First of all, my apology to Tony Lauria for making him wait for a long time and for not being able to upload these images earlier as promised. Life has been exceptionally busy, but I’ll save the details for another blog post.
It was a pleasant surprise for me to find out that Tony and some other Emptiness Theme users like to the header images from previous versions of the theme and requested their availability for download. Thanks so much for using the theme.
So here they are (in chronological order)…
Light greenish-yellowish leaves on tree branches in front of my home in Carnegie. This picture was used as the default header image from v0.1 to v0.9 of the theme.
The most frequently asked question from Emptiness Theme users was about customising the styles (font, color, width, etc) and the header image of the theme, and I usually answered by giving them some pointers to which file to modify and where. The problem was that most WordPress users would make the modifications directly against the theme files.
The downside of such approach is that the custom code would end up buried within the theme, which users won’t remember few months down the line. And this will then discourage them from upgrading the theme in order to avoid overwriting the customisations accidentally.
A cleaner approach to customise a theme is by isolating the custom code away from the original theme code. Having said that, I would like to encourage my theme users to start practicing this approach. Here’s what you need to do:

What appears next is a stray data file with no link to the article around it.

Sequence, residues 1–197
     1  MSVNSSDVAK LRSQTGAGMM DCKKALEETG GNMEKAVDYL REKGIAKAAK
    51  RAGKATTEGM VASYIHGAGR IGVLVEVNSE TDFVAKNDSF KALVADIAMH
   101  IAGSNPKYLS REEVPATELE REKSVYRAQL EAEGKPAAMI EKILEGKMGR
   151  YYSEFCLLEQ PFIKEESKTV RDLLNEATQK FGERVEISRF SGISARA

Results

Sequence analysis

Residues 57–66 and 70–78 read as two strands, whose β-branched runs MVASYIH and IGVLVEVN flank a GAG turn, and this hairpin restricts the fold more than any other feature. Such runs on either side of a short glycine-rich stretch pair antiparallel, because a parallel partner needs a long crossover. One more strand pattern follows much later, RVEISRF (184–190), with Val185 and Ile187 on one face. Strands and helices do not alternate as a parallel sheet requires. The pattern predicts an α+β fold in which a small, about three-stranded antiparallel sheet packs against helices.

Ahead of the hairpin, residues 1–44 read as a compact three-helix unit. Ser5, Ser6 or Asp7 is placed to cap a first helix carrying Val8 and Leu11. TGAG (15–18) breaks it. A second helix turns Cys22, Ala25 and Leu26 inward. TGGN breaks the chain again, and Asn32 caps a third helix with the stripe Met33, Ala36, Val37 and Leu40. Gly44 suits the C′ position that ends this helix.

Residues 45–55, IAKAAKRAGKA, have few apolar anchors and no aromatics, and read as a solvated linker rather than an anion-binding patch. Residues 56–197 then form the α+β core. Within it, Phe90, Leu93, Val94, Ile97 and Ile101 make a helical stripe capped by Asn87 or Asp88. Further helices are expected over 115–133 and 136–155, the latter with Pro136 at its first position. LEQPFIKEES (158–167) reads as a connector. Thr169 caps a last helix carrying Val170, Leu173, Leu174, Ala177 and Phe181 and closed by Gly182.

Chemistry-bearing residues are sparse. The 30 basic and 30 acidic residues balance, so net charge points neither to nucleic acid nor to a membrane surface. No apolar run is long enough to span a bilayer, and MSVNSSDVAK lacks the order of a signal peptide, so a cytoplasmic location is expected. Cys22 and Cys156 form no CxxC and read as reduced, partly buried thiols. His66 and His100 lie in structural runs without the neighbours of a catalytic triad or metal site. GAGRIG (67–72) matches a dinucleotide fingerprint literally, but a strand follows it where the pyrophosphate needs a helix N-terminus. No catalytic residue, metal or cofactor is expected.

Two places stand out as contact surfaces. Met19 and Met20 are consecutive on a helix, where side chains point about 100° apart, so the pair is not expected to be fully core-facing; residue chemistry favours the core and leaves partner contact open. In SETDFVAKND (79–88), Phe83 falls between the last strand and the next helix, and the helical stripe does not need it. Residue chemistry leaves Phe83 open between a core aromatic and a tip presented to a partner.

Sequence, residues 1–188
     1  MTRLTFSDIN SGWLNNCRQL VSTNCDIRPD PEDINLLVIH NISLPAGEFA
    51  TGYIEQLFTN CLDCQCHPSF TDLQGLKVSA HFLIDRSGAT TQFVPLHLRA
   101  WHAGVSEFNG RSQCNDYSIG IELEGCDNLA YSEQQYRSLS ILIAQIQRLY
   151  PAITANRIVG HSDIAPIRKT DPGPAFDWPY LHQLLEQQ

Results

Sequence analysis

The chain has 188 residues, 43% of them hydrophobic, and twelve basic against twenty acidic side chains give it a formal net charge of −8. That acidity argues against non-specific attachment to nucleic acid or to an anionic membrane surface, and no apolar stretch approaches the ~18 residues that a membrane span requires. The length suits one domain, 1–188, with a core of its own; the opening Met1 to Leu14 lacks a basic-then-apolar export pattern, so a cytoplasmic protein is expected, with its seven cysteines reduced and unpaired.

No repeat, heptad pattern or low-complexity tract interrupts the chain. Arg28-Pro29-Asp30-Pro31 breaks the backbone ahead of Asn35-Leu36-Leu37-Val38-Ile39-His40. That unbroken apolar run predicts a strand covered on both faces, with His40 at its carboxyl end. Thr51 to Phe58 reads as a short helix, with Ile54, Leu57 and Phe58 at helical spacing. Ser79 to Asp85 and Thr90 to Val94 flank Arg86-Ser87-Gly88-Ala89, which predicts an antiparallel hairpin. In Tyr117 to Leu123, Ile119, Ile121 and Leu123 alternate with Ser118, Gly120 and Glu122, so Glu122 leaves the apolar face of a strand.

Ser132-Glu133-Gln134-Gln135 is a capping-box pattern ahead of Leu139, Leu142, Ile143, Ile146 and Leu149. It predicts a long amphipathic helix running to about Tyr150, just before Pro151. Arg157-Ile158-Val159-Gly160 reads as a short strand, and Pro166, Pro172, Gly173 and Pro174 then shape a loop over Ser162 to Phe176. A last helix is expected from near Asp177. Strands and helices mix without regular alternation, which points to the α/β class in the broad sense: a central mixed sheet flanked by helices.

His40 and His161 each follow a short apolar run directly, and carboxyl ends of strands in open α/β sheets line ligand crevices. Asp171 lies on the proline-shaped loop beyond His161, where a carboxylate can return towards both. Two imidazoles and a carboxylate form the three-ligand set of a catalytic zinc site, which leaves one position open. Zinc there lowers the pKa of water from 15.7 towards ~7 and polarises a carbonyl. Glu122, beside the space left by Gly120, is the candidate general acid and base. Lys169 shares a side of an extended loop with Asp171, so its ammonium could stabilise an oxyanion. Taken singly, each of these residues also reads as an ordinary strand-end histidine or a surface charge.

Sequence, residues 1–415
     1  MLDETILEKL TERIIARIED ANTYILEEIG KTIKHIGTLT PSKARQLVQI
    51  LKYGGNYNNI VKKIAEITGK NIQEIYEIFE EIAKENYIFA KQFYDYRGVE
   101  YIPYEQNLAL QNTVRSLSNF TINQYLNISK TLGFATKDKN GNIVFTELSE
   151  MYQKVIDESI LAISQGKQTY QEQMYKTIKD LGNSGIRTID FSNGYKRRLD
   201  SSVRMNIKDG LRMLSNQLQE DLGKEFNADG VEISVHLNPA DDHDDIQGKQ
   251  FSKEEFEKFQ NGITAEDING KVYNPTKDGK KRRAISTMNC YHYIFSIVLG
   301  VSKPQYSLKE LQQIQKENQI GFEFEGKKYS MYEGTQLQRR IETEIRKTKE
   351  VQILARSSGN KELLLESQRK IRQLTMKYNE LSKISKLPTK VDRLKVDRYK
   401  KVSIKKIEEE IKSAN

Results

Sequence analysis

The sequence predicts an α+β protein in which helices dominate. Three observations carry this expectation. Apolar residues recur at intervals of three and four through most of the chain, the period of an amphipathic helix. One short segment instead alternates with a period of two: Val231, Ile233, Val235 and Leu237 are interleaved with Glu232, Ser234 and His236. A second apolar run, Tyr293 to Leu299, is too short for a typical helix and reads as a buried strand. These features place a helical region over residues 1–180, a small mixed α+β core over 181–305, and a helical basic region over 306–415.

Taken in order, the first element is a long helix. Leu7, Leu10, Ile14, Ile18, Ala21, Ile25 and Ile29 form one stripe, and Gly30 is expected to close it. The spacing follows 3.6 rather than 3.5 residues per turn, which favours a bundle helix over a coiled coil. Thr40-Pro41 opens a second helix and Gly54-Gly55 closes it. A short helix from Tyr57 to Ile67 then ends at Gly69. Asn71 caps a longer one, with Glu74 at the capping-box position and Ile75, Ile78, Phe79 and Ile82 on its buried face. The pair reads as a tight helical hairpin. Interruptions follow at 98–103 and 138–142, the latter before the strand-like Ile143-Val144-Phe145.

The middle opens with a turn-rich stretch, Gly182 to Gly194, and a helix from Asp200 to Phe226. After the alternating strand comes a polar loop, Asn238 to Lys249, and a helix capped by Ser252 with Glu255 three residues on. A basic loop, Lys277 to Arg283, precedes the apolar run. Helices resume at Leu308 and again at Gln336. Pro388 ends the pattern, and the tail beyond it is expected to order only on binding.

Install MyCSS Plugin, read the documentation on how to use the plugin. Note: you might encounter an error complaining about ‘my.css file not found’, to fix this, you need to create my.css file under mycss plugin directory and give it a proper permission (644 will do).
When you need to customise a style, do it on my.css file. CSS code in this file will take precedence over the theme’s own style.css .
For example, to change the font-family of the sidebar headings, I added these lines to my.css file:
font-family: helvetica, sans-serif;
That’s it. I didn’t modify any of the theme code. The catch here is of course we have to be careful not to accidentally delete my.css file.
I don’t know why WordPress doesn’t have this custom CSS feature as part of vanilla WordPress installation. I think this would be very useful when they finally provide easy theme upgrade just like the way upgrading plugins is done.
As for MyCSS Plugin itself, it would be nice if it allows me to customise the location of my.css file so I can put it external to the plugin directory. And how about storing the content of my.css in the database so it can be persisted between plugin versions? Another nice improvement would be to provide the ability to upload files, handy for custom images.
Since I started using WordPress few months ago, I’ve tried various minimalist themes available from WordPress Theme Viewer, but none of them really suits me. So, just like any designer-wannabe, I rolled out my own minimalist theme. It’s available for download, though I’m still trying to register it on WordPress Theme Viewer. I don’t know what’s wrong with Theme Viewer, they must be really busy with backlogs of registrations to process, or they’re totally ignoring the current Theme Viewer and currently building a better system.
Creating a WordPress theme was actually quite pleasant. PHP might not be the most elegant thing out there, but it does the job. I must give a standing ovation to WordPress Codex, it is one of the bests if not the best open source documentation.
There are some of my Blojsom themes that never saw the light of day, I’ll port them to WordPress later. Have theme? Will port!